The Kuru (a plant of the Dioscorea japonica family) is broken into small pieces and simmered for 2 – 3 hours. The threads are placed in the hot Kuru liquid and evenly dried so that there is no irregularity when the threads are dyed. This process is repeated 4 – 5 times a day for 10 days.
    After the Kuru dyeing is finished, the threads are the dyed with the Tekachi (Rhaphiolepis indica). This process is repeated 6 – 7 times a day for approx. 14 days. Then, the Dorozome and the Tekachi dyeing processes are repeated until the threads become dark brown.

  6. 6. Kari Osa Doshi (temporary reed fitting) and winding The warp threads are put through the Osa which is a comb-shaped tool.
    The Jiito (the foundation threads) are starched and reeled on a wooden or bamboo frame. Then, the Jiito are sorted according to the length and the number required. The warp threads are combed and wound tightly.
  7. 7. Himotoki (removing the threads) The cotton threads that tied the warp threads are removed. The threads are starched and stretched. The weft threads are separated one by one and wound around the small tube Kokuda with the Jiito to set them on the loom.
  8. 8. Weaving The warp threads are pulled through between the Jiito threads that are put through the Kari Osa. When the warp threads are set, the warp threads are pulled one by one along the Aze of two Soko (heddles). The Aze is a tool to line-up the warp and the weft threads.
    Threads are now put through the Osa (reed). Two threads are put through each eye of the Osa. The weft threads are separated one by one and wound around a spinning wheel with the Jiito to set them in the Orihi (shuttle).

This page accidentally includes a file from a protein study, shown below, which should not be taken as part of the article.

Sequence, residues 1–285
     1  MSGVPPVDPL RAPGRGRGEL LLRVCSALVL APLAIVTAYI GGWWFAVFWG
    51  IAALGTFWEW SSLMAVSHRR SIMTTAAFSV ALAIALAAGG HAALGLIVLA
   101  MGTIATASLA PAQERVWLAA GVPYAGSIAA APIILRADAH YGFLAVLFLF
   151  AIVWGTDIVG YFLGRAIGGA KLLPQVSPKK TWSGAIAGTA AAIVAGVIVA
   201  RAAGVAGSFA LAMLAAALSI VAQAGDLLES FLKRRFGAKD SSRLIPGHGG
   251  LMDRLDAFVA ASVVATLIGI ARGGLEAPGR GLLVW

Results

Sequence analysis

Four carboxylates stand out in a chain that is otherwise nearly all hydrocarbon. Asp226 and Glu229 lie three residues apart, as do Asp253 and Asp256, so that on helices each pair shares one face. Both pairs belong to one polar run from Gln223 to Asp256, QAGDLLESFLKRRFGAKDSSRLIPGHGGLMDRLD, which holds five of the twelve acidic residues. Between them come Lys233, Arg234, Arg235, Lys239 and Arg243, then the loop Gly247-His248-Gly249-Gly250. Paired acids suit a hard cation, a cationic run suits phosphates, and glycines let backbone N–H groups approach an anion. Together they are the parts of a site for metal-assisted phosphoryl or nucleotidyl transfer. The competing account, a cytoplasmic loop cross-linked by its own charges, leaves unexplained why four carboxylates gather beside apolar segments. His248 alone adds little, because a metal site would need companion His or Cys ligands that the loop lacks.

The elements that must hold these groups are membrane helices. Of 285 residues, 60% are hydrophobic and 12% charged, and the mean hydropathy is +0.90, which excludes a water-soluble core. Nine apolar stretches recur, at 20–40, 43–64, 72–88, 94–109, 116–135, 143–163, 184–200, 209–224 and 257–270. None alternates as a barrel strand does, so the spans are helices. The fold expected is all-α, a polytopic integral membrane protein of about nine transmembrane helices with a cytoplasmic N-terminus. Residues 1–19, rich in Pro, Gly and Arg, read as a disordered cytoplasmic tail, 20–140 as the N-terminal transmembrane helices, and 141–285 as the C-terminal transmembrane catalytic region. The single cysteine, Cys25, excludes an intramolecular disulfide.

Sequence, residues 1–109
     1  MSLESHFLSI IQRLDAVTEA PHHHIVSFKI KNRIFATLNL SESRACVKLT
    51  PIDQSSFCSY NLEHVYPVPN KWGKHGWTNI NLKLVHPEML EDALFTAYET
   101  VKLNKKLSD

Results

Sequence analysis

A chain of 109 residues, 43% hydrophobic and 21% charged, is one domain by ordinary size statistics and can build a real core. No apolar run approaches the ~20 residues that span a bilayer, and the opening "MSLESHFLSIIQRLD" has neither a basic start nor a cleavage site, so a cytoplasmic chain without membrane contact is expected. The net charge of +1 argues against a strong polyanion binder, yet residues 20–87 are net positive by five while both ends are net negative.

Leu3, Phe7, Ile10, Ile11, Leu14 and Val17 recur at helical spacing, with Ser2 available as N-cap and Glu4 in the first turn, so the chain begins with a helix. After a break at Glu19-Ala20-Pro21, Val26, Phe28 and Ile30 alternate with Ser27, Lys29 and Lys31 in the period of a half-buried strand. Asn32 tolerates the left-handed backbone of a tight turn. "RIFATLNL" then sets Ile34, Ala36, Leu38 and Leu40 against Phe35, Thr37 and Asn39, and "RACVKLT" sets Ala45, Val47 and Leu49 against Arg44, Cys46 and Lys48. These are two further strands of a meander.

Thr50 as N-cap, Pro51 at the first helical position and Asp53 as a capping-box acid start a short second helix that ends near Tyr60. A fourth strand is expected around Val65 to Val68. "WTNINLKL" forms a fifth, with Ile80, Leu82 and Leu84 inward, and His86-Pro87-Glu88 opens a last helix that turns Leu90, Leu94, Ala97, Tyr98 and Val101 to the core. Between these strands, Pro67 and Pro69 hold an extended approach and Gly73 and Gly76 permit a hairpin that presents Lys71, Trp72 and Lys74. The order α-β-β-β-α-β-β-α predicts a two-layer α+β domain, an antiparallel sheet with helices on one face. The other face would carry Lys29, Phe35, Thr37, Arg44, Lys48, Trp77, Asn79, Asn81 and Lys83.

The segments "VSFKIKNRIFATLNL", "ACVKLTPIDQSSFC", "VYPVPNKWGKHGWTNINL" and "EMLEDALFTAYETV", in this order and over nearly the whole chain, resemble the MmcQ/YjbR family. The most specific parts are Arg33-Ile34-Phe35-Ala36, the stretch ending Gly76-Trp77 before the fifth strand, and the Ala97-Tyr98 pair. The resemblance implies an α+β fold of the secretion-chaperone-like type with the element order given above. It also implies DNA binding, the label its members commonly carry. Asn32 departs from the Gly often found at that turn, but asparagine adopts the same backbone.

Then, the weaver starts weaving. Weaving is carried out using the Tenage Hi technique, which is to throw the Orihi by hand and put through the weft threads before hitting the Osa towards the weaver. This process uses a wooden Takagusu loom. It takes approx. a month to produce one roll of Kumejima Tsumugi.
  9. 9. Kinuta Uchi (hammering the cloth) The woven textile is folded into a screen-like shape and washed in lukewarm water of approx. 30℃. The washed textile is put out to dry in the sun. When the textile is nearly dry, the weave is aligned and it is folded into the screen-like shape again. The folded textile is wrapped in cotton cloth and hammered using a wooden hammer. This process is called the Kinuta Uchi. The wooden hammer, the Kinuta, weighs about 4.5 kilos so it requires two people to hammer the textile for 20 – 30 minutes. This is another important process to create the luster and texture of the Tsumugi. After the Kinuta Uchi, the textile is dried in the sun and the creases from folding are smoothed out to finish.

Where to Buy & More Information

Kumejima-Tsumugi No Sato

Kumejima-Tsumugi No Sato Photo:Okinawa Convention&Visitors Bureau